Abood Abdullah Aljumaili traveled to Dublin with his family in 2008 to escape the war in his native country of Iraq. He was a nine-year-old boy who could not speak a word of English and was placed in a very foreign environment.
Today, Aljumaili, or Bonnar O’Loingsigh as he is more commonly known, is a proud Irish man who has integrated himself into every part of Irish culture.
What helped him to make the transition and settle in Ireland was GAA, as he told the gathering of 200 Muslims and dignitaries for the Eid al-Adha celebrations in Croke Park on Friday.
“One day, I was walking around my primary school at lunchtime when I heard some students talking about hurling. I hadn’t a clue what it was. At half two, it was home time. I was leaving my class and I saw some boys going off to train and it caught my eye. I didn’t really take too much notice of it.
“A couple of weeks later, two teachers came and asked me if I would like to try out for the school’s hurling team. So I started training and I couldn’t even hold the hurl properly. Woke up the next day, picked up the hurl, and started trying to at least lift the ball.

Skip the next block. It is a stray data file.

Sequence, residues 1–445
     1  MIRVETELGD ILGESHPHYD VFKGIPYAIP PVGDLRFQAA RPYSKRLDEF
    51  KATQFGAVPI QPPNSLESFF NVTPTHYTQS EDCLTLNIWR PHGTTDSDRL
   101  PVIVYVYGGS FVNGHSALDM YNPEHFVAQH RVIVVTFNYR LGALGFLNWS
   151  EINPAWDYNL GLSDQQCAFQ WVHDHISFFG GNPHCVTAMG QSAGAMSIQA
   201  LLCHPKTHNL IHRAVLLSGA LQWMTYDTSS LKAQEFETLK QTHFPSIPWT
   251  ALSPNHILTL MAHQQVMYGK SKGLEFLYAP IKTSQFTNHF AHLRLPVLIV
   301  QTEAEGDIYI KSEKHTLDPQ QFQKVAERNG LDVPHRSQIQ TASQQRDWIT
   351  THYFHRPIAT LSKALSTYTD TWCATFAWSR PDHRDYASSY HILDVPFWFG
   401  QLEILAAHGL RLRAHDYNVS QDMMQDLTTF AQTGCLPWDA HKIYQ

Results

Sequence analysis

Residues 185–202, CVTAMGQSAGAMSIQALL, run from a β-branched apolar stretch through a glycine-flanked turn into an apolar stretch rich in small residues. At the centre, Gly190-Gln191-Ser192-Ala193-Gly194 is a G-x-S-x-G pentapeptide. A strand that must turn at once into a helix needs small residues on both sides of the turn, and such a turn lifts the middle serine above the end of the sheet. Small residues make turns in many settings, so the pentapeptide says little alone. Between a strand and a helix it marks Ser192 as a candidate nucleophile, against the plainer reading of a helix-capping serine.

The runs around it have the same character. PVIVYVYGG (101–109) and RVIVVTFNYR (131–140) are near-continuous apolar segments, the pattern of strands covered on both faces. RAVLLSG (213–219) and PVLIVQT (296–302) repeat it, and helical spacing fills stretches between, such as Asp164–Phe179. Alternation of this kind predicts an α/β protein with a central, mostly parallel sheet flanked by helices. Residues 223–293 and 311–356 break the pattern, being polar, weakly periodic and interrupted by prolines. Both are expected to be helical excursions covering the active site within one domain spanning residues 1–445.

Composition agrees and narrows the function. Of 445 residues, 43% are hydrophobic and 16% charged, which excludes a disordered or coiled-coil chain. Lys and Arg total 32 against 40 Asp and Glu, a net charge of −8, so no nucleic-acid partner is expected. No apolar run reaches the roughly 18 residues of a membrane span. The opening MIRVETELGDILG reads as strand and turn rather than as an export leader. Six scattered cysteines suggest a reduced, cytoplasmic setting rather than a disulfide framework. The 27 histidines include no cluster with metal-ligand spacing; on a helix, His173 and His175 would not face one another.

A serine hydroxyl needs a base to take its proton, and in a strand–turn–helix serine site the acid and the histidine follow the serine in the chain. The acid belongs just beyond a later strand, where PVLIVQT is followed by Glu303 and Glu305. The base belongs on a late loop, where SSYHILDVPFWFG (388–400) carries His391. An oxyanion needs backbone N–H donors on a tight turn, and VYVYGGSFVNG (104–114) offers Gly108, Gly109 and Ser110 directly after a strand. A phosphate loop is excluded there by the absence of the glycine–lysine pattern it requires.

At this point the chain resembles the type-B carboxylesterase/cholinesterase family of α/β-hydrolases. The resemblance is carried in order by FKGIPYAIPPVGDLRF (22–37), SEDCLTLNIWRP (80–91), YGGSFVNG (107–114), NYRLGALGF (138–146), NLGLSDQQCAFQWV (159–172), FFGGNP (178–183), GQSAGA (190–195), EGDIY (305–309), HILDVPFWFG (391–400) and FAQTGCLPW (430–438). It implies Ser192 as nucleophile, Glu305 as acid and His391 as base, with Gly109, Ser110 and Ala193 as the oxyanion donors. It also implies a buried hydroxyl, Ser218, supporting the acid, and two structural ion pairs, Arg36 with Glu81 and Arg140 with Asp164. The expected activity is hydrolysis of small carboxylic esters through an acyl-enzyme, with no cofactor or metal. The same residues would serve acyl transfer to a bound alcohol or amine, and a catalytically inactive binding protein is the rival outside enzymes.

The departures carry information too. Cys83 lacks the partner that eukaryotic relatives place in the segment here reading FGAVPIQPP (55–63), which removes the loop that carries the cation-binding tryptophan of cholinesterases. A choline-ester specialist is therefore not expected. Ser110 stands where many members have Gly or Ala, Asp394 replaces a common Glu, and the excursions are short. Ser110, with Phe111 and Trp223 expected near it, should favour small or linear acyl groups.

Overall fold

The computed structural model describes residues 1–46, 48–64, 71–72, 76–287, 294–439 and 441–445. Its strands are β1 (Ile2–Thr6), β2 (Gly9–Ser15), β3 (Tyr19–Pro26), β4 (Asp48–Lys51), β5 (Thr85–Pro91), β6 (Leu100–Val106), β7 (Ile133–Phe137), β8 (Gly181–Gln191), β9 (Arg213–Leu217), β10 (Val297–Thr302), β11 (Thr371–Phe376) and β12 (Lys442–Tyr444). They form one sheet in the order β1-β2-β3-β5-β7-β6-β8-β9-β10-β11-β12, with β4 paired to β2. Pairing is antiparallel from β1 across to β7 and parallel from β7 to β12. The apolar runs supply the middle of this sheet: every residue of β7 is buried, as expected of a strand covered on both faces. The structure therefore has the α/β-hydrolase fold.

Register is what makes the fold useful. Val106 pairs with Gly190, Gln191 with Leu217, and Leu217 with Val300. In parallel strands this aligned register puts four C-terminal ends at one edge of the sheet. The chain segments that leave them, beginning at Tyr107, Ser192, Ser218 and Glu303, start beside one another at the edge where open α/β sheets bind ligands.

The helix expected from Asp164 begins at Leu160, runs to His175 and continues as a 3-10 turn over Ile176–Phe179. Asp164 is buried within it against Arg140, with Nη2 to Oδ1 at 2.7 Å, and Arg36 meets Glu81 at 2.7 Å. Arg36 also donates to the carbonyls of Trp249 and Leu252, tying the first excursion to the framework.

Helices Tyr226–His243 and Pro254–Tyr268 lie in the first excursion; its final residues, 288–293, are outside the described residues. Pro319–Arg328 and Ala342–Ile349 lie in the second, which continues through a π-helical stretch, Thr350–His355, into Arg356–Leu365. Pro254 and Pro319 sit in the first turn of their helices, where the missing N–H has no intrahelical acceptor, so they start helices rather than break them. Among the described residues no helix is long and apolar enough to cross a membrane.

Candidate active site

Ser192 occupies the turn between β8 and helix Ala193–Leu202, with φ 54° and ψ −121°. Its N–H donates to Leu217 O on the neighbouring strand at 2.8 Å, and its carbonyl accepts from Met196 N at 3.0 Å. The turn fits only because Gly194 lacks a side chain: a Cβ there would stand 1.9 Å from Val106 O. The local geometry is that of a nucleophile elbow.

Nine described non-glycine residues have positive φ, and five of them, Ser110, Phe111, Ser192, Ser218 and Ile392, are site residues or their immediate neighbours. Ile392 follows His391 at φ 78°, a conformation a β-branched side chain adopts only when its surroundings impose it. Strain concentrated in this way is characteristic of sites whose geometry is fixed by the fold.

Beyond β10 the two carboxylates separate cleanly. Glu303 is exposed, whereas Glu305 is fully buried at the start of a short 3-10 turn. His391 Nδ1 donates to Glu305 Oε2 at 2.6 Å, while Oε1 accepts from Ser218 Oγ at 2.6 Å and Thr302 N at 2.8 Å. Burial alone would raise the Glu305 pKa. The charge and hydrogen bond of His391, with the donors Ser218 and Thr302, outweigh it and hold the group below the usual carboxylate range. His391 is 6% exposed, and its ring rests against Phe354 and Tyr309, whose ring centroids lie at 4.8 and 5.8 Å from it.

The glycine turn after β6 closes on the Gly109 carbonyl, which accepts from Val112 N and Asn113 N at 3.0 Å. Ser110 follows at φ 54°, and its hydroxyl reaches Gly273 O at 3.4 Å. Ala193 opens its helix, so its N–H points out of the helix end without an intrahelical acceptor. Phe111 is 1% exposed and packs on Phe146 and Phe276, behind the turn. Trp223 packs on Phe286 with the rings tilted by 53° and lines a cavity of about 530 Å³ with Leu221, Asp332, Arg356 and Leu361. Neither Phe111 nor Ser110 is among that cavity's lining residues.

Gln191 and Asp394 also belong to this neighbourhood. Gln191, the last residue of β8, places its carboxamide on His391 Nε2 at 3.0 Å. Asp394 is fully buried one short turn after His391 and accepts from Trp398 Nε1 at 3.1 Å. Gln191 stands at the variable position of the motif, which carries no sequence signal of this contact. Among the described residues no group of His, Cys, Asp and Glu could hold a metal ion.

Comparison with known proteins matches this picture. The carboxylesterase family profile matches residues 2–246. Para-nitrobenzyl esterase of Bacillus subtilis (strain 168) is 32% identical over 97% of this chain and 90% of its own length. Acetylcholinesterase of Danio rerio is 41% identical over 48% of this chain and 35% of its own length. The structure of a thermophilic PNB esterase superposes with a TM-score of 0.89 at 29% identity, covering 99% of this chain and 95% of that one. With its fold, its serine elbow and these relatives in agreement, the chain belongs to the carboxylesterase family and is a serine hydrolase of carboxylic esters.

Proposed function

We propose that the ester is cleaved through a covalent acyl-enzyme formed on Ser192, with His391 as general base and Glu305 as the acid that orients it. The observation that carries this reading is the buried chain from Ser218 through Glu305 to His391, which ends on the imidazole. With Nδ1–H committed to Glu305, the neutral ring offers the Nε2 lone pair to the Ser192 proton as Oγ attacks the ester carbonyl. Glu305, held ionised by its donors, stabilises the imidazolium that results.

“I kept at it and kept at it until I eventually lifted the ball, realising that I had fallen in love with, in my view, and as many would agree, the best game on earth.
GAA became such a major part of O’Loingsigh’s life that the Ballinteer St John’s club man spent everyday training, no matter what the weather. However, it was not an easy transition for him given the cultural and language barriers.
“It was tough starting off hurling as a Muslim here, I didn’t really speak the language, didn’t understand the people nor did I even know the system. But now Ireland is my home. And although I had some daydreams of living in a Muslim society, I could not see myself leaving my homeland.
In yesterdays historic event, I made a speech on how I fell in love with hurling and encourged the attendees and all the…
“Not only do I feel comfortable and truly at home here, where I understand the people, the culture and the system, but I also feel a care and a responsibility towards my Irish people.
O’Loingsigh finished his speech by thanking the GAA and the Irish Muslim Peace and Integration Council for coming together to hold the Eid celebrations. He also urged the public to try GAA, as it is a place where everyone belongs.
“To everyone out there, no matter where you are in the country, no matter where you’re from, try GAA. GAA is where we all belong.”